'Take a knee' comes to Germany through Hertha solidarity

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Hertha's starting lineup linked arms and took a knee on the pitch, while Pal Dardai's coaching staff, GM Michael Preetz, and substitutes took a knee off it before kickoff.
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AFP

Hertha Berlin's players kneel on the pitch prior to their German Bundesliga match against Schalke in Berlin on October 14, 2017. Berlin players became the latest prominent sportsmen to follow the lead of NFL star Colin Kaepernick and 'take a knee' in an act of political protest. Kneeling has come to symbolize protest against the politics of Donald Trump since the US president's public dispute with Kaepernick and other prominent figures in American sport.

Hertha Berlin nodded to social struggles in the United States by kneeling before its German Bundesliga home game on Saturday.

"We wanted to make a stand against racism," Hertha captain Per Skjelbred said after their 0-2 loss to Schalke.

Hertha's starting lineup linked arms and took a knee on the pitch, while Pal Dardai's coaching staff, general manager Michael Preetz, club officials and substitutes took a knee off it before kickoff.

"Hertha BSC stands for tolerance and responsibility! For a tolerant Berlin and an open-minded world, now and forevermore!" the club said on Twitter.

"Hertha Berlin stands for diversity and against violence. For this reason we are joining the protest of American athletes and setting a sign against discrimination," the stadium announcer told more than 50,000 fans attending the game at Berlin's Olympiastadion, originally built for the 1936 Olympics in Nazi Germany.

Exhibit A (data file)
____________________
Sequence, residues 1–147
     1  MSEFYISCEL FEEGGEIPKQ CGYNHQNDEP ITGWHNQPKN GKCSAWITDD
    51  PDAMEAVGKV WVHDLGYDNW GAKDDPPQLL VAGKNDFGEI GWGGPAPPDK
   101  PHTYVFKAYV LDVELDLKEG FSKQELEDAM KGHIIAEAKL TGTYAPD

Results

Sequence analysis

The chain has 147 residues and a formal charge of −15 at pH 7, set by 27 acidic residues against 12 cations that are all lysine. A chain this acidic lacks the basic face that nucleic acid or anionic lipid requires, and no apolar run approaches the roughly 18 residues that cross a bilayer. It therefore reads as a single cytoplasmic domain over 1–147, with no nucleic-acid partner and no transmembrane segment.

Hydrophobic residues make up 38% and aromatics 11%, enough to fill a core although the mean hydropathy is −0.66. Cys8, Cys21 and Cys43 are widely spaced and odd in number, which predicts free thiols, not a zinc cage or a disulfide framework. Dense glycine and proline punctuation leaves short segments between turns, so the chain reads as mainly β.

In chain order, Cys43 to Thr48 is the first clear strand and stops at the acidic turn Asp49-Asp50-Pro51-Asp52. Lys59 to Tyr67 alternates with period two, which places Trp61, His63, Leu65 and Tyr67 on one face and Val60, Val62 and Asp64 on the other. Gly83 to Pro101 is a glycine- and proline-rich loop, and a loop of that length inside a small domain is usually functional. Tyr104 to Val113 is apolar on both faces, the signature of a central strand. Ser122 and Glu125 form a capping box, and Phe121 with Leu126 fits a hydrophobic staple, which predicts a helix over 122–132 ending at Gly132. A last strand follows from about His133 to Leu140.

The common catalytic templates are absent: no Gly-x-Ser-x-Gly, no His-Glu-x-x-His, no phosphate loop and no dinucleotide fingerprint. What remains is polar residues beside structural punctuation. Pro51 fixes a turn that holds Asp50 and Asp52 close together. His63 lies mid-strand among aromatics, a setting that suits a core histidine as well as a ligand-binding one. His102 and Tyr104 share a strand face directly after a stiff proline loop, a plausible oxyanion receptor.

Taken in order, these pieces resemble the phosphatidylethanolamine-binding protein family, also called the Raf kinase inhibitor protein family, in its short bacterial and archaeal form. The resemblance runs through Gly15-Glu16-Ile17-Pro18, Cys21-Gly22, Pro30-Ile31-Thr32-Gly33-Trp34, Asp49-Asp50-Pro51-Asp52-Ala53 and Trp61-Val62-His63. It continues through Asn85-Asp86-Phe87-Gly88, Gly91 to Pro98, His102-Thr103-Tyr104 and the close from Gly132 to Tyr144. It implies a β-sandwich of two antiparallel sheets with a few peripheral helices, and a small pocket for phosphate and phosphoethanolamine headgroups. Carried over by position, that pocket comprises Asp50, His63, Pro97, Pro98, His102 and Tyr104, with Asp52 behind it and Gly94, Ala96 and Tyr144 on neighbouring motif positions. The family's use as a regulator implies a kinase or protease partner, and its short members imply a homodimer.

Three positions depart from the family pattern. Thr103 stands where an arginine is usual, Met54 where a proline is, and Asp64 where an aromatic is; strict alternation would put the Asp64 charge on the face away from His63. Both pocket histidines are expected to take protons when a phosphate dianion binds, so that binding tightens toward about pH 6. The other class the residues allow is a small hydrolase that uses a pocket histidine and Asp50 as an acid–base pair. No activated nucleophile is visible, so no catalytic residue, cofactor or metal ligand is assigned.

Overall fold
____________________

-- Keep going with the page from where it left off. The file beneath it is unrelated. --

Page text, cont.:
The action was intended to show solidarity with National Football League players who have been protesting police treatment of blacks and social injustice in the US by kneeling, sitting or locking arms through the anthem before games.

Last year, then-San Francisco quarterback Colin Kaepernick started the movement, which has been harshly criticized by US President Donald Trump.

"We're no longer living in the 18th century but in the 21st century. There are some people, however, who are not that far ideologically yet," Hertha defender Sebastian Langkamp said. "If we can give some lessons there with that, then that's good."

Ivory Coast forward Salomon Kalou said the whole team was unanimous in its support for the action.

"We stand against racists and that's our way of sharing that. We are always going to fight against this kind of behavior, as a team and as a city," said Kalou, who acknowledged the action was inspired by the American athletes' protest against discrimination.

"It shouldn't exist in any kind of event, in the NFL or in the football world, soccer as they call it there. It shouldn't exist in any sport, period," Kalou said.

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